Adapting Your Home
Adaptations can make your home safer and support your care in your own home. My Care My Home can offer you advice on which adaptations would be most suitable for you, and how to go about getting them carried out.
Access ramps will allow you to easily access and exit your home meaning that you will not be tied to the house.
Adaptations to your Bathroom
Often, having an accessible bathroom can make all the difference to whether or not someone can live independently.
Bathroom suites have evolved over recent years, and designer bathrooms are available with features that make them much more user-friendly.
Wet rooms, low-level shower trays and walk-in baths can be used independently by people with limited mobility, while a bath lift or bath seat and a strategically placed grab rail or two can really enhance safety.
- Shower stools & chairs, for easier showering sitting down.
- Toilet aids & accessories, giving you the support you need.
- Fitting anti-scald taps and non-slip flooring, to avoid scalding and reduce the risk of slipping.
- A stair lift can provide you with a great deal of freedom and independence.
- The unit can be fitted quickly and simply.
- The unit can be fitted to a straight flight of stairs or a curved set of stairs.
- They are easy to operate.
Adaptations to your Kitchen
Adapting your kitchen to suit your needs may be easier than you think, making it easier for you to remain in your home and look after yourself.
- Height adjustable or freestanding units.
- Wall-mounted base units without plinths, to allow foot-room for wheelchair users.
- Adjustable shelving to enable positioning of the oven and fridge at a convenient working height.
- Shallow sink bowls, allowing sufficient knee room underneath for a seated user.
- Taps with levers or no-touch, infra-red controls.
- Hob controls at the front for easy, safe access.
- Ovens with doors that open sideways rather than downwards may be easier to work with.
- Equipping existing wall cupboards with a smooth pull-down mechanism means that wheelchair users can reach storage space that would otherwise be inaccessible.
There are many systems available that can link you to your care provider or relatives allowing you direct contact with them should you need assistance. The units can be hardwired or battery operated.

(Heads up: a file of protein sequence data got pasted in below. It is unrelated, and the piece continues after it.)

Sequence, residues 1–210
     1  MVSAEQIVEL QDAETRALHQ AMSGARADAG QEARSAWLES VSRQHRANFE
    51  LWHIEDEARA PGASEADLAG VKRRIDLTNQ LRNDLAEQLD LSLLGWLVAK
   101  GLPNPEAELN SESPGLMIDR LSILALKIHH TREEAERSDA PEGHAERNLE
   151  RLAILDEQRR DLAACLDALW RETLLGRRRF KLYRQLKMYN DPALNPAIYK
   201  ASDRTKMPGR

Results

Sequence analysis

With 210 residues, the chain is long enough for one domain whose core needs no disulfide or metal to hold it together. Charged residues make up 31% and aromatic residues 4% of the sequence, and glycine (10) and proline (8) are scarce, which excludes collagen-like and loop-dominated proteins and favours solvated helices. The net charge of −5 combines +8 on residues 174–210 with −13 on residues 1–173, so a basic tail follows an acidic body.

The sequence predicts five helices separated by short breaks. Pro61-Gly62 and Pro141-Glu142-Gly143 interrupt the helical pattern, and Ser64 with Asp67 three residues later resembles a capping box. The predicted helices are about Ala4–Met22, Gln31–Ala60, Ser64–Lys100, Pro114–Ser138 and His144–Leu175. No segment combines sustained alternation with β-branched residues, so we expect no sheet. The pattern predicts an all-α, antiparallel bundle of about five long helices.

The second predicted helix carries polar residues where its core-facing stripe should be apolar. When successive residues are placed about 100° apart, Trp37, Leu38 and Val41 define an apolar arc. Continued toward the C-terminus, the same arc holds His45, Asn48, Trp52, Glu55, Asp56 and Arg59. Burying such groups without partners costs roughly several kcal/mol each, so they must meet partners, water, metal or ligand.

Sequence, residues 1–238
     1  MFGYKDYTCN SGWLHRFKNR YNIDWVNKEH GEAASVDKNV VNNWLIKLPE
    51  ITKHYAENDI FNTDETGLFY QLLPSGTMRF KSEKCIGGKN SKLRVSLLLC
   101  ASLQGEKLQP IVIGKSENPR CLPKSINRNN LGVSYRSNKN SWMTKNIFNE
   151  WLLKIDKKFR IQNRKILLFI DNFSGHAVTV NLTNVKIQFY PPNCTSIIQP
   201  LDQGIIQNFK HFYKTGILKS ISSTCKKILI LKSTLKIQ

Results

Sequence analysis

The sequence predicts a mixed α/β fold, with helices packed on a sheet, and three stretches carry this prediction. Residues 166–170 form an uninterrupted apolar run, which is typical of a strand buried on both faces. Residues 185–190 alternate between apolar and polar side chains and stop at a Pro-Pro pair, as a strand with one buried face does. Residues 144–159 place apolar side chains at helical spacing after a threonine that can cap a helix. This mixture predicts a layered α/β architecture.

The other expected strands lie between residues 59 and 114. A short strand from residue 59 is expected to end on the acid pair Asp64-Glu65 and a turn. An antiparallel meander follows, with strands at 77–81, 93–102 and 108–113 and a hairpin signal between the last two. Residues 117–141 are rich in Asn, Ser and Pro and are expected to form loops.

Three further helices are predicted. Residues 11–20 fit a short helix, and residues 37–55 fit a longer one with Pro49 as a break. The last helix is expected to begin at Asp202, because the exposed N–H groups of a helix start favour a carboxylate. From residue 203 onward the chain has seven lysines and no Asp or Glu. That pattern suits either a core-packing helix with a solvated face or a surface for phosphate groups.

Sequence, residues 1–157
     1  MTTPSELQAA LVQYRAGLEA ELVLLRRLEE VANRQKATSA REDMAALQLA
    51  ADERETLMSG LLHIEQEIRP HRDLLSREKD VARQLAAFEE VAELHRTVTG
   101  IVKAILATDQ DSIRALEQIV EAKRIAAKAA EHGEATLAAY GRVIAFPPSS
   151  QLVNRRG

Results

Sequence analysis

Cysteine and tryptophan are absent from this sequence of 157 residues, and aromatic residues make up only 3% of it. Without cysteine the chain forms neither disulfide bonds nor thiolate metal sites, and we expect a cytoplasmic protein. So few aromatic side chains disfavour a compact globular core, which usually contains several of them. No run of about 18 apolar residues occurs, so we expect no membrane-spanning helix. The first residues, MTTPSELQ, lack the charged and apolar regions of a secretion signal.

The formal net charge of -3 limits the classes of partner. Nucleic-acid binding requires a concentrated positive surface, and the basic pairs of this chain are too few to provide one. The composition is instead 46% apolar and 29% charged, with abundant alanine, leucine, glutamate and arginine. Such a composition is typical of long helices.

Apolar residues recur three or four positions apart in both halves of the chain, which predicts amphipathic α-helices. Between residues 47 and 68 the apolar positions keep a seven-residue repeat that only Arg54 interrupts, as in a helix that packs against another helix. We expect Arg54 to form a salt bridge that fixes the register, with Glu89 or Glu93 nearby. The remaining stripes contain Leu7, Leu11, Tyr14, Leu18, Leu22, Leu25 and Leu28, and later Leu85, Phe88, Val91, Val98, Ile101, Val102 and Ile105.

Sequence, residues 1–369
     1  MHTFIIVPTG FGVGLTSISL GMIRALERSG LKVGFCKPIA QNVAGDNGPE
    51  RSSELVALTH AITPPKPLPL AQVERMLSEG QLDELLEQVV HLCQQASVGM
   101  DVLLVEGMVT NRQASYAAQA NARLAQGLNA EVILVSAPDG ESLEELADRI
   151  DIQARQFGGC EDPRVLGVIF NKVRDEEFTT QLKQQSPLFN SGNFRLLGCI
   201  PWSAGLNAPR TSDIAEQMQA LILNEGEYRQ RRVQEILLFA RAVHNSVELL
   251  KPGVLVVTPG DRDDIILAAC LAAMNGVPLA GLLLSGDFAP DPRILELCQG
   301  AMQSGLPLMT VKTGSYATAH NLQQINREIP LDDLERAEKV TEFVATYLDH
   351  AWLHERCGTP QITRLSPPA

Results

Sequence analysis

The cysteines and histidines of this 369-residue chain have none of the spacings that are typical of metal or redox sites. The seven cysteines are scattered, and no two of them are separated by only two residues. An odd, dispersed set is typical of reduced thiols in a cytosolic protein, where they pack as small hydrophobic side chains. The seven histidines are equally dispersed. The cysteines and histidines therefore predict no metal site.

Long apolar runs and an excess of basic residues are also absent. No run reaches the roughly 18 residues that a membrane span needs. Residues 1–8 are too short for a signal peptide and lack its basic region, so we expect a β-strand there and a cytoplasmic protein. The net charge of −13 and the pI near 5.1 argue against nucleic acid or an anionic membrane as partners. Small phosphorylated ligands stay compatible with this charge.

- You can have a wrist strap call button, a pendant call button or a mobile pager
- They are easily installed and easy to use
- You will have peace of mind knowing that you can reach your caregiver or relative at the press of a button
- Likewise your care provider and relatives will share that peace of mind knowing that you can call them if you need to
- Some systems will allow you to speak with your caregiver and relatives
- After installation most systems do not require ongoing service costs.
State of the art sensors and monitoring systems will alert a care provider or a loved one when you are at risk of wandering or falling. There are also systems that can monitor when you leave your bed. These systems can also be used in conjunction with a floor sensor-pad
Telemedicine is a system for providing immediate specialised care to patients in remote or rural community settings or in a domiciliary environment where experienced or qualified clinicians are not available.
- Often sensor systems cost very little or nothing to install; you just pay for the equipment and plug it in when and where you wish.
- They can be used in conjunction with other equipment.
- They offer flexibility as they can be linked to either a supplied pager system or through your existing call system.
- Ideal for monitoring when someone has fallen, wandered too far, left a room or building or their bed.
- Emergency care can be provided quickly and on demand.
- The cost and hassle of travelling to visit your GP or hospital is minimised.
- The system is secure and allows the users to communicate clearly and efficiently.